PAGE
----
While often presented as promising assistive technologies for motor-impaired users, electroencephalography (EEG)-based Brain-Computer Interfaces (BCIs) remain barely used outside laboratories due to low reliability in real-life conditions. Therefore we designed and studied a multi-class Mental Task (MT)-based BCI for longitudinal training (20 sessions over 3 months) of a tetraplegic user for the CYBATHLON BCI series 2019. In this BCI championship, tetraplegic pilots are mentally driving a virtual car in a racing video game.
This encouraged us to tackle multiple challenges associated with BCI use over multiple days, in ``real life", with an actual end-user. Challenges were related to non-stationarity problems, user training but also managing the short time we had before the competition.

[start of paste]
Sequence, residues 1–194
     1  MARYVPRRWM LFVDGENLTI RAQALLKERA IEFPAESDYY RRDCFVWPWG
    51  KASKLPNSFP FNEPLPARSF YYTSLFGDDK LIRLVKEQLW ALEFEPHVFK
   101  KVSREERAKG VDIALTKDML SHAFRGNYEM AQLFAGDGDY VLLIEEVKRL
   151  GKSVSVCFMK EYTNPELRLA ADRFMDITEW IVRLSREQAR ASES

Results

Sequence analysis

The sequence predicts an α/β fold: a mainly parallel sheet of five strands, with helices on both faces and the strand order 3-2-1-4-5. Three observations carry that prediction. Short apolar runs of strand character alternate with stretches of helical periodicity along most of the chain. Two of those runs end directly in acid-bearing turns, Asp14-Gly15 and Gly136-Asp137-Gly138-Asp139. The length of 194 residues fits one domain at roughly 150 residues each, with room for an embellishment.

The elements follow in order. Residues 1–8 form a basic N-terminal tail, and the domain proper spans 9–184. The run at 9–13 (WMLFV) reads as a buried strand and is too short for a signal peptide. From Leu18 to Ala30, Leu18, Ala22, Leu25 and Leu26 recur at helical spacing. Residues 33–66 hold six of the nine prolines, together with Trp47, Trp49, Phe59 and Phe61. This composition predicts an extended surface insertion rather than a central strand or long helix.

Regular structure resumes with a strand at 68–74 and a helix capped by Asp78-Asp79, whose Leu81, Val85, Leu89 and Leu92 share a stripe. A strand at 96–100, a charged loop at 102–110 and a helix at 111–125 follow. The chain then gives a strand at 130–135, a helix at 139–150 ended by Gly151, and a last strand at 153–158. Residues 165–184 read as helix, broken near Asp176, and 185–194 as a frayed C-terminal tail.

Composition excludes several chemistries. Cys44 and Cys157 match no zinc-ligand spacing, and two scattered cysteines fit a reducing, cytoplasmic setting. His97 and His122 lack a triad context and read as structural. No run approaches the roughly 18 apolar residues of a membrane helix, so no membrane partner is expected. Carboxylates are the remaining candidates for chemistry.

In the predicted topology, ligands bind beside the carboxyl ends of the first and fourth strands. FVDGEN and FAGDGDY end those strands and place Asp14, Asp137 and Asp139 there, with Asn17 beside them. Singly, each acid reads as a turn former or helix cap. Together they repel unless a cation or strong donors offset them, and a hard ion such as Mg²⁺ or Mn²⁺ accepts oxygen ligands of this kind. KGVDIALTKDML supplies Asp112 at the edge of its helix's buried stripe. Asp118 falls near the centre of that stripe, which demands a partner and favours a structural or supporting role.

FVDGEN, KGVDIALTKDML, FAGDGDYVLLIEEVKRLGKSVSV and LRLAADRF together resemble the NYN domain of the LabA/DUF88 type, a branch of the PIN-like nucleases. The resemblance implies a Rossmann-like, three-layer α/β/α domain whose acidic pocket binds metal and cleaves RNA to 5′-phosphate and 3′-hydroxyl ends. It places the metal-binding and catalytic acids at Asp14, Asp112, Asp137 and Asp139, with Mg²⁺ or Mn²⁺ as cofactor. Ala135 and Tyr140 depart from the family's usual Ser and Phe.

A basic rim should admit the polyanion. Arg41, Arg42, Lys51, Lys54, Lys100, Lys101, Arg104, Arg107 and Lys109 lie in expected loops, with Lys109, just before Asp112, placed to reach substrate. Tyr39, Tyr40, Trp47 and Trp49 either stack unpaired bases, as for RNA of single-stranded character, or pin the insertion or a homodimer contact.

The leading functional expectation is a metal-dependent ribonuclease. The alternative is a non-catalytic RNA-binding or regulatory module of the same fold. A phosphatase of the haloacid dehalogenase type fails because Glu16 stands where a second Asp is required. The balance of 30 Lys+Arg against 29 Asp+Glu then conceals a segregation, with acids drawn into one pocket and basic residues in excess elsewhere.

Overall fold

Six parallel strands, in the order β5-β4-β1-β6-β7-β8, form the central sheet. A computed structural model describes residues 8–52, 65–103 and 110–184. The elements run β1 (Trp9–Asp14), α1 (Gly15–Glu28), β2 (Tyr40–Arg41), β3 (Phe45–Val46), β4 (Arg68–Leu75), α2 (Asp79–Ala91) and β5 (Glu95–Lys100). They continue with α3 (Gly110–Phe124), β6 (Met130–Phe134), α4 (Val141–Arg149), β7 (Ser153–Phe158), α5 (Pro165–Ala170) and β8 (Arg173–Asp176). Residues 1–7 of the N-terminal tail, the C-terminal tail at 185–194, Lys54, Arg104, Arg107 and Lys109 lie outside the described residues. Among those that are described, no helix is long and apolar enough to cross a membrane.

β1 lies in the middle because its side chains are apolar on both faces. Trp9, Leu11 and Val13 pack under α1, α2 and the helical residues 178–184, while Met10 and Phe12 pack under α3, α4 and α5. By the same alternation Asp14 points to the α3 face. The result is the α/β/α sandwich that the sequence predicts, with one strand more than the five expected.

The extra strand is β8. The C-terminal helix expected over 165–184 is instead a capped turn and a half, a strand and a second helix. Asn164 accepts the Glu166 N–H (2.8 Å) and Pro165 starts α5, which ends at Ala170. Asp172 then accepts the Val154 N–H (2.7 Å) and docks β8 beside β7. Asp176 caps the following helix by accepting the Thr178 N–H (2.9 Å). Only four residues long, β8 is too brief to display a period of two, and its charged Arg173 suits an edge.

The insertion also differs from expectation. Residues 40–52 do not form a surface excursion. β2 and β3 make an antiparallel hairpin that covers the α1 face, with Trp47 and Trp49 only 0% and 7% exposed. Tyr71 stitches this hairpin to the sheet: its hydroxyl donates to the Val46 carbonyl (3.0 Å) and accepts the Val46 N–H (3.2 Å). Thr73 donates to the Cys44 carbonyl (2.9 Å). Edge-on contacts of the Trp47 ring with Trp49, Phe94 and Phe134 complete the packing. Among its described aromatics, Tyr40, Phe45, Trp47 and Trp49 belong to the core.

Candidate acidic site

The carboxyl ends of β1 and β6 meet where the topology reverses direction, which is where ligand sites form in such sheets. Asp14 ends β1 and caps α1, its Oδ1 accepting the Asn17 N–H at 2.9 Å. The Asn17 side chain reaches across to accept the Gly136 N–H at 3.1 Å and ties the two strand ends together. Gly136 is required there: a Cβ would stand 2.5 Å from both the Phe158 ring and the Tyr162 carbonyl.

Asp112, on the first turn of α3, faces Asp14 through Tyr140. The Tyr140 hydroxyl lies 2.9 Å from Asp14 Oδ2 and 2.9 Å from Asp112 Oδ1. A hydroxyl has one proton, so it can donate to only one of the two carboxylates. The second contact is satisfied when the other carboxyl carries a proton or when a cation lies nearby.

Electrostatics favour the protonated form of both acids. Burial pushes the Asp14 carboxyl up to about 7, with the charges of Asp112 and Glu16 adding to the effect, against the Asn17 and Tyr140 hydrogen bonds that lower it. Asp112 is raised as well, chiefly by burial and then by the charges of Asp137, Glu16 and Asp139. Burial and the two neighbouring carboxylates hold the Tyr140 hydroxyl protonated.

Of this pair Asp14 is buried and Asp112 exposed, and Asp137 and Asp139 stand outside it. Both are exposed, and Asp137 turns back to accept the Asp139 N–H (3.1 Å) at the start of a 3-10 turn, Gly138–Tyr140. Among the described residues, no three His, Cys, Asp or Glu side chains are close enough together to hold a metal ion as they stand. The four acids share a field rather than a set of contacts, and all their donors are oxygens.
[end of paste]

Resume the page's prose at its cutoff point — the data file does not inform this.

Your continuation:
We aimed at combining a progressive user MT-BCI training with a newly designed machine learning pipeline based on adaptive Riemannian classifiers shown to be promising for real-life applications. We followed a two step training process: the first 11 sessions served to train the user to control a 2-class MT-BCI by performing either two cognitive tasks (REST and MENTAL SUBTRACTION) or two motor-imagery tasks (LEFT-HAND and RIGHT-HAND).The second training step (9 remaining sessions) applied an adaptive, session-independent Riemannian classifier. Our results showed a learning at all levels (i.e., user, machine, and experimenters). Indeed, during the few months of training we were able to observe a user learning. At the end of the competition, we were ranked 5th out of 6